Review: The Moonlight School

The Moonlight School


Haunted by her sister’s mysterious disappearance, Lucy Wilson arrives in Rowan County, Kentucky, in the spring of 1911 to work for Cora Wilson Stewart, superintendent of education. When Cora sends Lucy into the hills to act as scribe for the mountain people, she is repelled by the primitive conditions and intellectual poverty she encounters. Few adults can read and write.

Born in those hills, Cora knows the plague of illiteracy. So does Brother Wyatt, a singing schoolmaster who travels through the hills. Involving Lucy and Wyatt, Cora hatches a plan to open the schoolhouses to adults on moonlit nights. The best way to combat poverty, she believes, is to eliminate illiteracy. But will the people come?

As Lucy emerges from a life in the shadows, she finds purpose; or maybe purpose finds her. With purpose comes answers to her questions, and something else she hadn’t expected: love.

Inspired by the true events of the Moonlight Schools, this standalone novel from bestselling author Suzanne Woods Fisher brings to life the story that shocked the nation into taking adult literacy seriously. You’ll finish the last page of this enthralling story with deep gratitude for the gift of reading.

Rating: 5-stars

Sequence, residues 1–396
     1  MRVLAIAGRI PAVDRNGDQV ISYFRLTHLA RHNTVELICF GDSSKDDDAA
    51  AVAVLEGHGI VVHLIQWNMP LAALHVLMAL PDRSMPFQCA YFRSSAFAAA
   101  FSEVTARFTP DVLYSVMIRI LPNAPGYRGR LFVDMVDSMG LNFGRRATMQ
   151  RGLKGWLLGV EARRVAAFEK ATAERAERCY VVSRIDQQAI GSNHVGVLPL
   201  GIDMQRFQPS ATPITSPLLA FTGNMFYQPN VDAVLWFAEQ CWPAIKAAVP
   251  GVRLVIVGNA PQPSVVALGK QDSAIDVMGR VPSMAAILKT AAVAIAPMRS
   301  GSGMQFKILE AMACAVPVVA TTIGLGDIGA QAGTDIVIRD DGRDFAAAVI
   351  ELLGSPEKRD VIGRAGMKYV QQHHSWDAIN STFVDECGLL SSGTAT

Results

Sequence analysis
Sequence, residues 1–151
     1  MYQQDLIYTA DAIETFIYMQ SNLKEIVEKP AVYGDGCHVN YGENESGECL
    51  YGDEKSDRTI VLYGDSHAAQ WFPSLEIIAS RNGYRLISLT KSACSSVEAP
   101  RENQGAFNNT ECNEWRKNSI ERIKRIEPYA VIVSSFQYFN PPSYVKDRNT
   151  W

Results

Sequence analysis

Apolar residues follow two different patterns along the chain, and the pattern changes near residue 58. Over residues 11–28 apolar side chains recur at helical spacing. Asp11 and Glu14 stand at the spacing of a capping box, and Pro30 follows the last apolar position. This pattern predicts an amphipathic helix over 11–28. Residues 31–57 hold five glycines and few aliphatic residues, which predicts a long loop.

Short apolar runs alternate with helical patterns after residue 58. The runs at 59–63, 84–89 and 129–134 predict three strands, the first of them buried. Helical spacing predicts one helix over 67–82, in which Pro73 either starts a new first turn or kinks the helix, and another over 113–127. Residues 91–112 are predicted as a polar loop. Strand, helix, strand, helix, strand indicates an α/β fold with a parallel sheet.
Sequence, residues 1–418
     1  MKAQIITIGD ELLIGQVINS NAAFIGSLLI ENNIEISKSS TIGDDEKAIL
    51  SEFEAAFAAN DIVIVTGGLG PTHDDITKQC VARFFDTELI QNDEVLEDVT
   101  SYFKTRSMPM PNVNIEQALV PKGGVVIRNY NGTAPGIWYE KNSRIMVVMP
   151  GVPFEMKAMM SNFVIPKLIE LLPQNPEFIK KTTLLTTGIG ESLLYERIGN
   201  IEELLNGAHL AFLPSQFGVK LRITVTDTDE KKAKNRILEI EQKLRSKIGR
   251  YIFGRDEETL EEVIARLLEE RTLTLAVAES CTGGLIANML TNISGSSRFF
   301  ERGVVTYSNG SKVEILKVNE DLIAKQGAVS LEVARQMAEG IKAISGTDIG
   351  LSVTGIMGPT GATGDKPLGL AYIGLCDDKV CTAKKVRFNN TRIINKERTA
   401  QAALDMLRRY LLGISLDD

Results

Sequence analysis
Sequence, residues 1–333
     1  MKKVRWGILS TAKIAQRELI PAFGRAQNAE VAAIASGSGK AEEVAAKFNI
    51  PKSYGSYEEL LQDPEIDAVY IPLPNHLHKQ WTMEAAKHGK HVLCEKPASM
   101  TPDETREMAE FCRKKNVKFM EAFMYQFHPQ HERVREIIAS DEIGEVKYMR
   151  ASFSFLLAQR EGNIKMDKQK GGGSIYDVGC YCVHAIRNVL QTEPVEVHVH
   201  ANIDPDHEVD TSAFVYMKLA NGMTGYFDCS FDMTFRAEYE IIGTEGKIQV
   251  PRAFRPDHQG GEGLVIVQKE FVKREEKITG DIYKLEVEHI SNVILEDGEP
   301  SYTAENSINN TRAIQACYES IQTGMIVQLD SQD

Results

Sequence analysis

The Moonlight School by Suzanne Woods Fisher is a wonderful book. It started out with loss and tension. As the tale progresses, the burden that one young woman holds on her shoulders feels heavy. She is finally given a chance to be free from her home. This gives her the chance to make her own life. Yet when she arrives she is faced with having to be stronger than she thinks she is. Lucy is sent to help her cousin Cora in a community where their education is little to none. They are also poor. But the community is one that sticks together and helps one another. Together with her cousin, Cora, and the singing school master, they help reshape the small community. Lucy feels like she is a burden to her father and that he has never forgiven her. But she will soon learn that love and forgiveness does exists. Also, that the blame wasn’t entirely hers to shoulder. She was just a girl when her little sister went missing. I enjoyed watching a timid Lucy grow into an independent young woman. This story was heartfelt from the beginning. It tugs at my heart strings. I feel sorry for Lucy and her loss. Suzanne Woods Fisher has once more proven she can write beyond this world. Her characters and their problems feel so real it’s uncanny. Overall, I recommend this historical novel to all readers. It’s deep, emotional, and clean.

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